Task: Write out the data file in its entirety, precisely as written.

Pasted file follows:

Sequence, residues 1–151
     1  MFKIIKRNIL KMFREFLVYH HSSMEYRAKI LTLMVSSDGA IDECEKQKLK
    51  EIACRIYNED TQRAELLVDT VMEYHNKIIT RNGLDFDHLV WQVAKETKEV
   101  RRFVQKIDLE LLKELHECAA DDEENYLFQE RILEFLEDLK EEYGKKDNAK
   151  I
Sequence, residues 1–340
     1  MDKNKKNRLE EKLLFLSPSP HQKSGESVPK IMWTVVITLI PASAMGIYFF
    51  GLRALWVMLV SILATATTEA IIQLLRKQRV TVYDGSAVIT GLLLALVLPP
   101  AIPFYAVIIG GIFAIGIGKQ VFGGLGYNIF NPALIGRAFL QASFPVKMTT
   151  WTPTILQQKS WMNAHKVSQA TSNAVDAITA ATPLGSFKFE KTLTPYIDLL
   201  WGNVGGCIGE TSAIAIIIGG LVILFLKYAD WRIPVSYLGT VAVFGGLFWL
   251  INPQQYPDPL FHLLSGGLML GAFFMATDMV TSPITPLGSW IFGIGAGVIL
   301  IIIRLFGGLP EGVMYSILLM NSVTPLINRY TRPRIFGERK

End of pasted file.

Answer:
Sequence, residues 1–151
     1  MFKIIKRNIL KMFREFLVYH HSSMEYRAKI LTLMVSSDGA IDECEKQKLK
    51  EIACRIYNED TQRAELLVDT VMEYHNKIIT RNGLDFDHLV WQVAKETKEV
   101  RRFVQKIDLE LLKELHECAA DDEENYLFQE RILEFLEDLK EEYGKKDNAK
   151  I
Sequence, residues 1–340
     1  MDKNKKNRLE EKLLFLSPSP HQKSGESVPK IMWTVVITLI PASAMGIYFF
    51  GLRALWVMLV SILATATTEA IIQLLRKQRV TVYDGSAVIT GLLLALVLPP
   101  AIPFYAVIIG GIFAIGIGKQ VFGGLGYNIF NPALIGRAFL QASFPVKMTT
   151  WTPTILQQKS WMNAHKVSQA TSNAVDAITA ATPLGSFKFE KTLTPYIDLL
   201  WGNVGGCIGE TSAIAIIIGG LVILFLKYAD WRIPVSYLGT VAVFGGLFWL
   251  INPQQYPDPL FHLLSGGLML GAFFMATDMV TSPITPLGSW IFGIGAGVIL
   301  IIIRLFGGLP EGVMYSILLM NSVTPLINRY TRPRIFGERK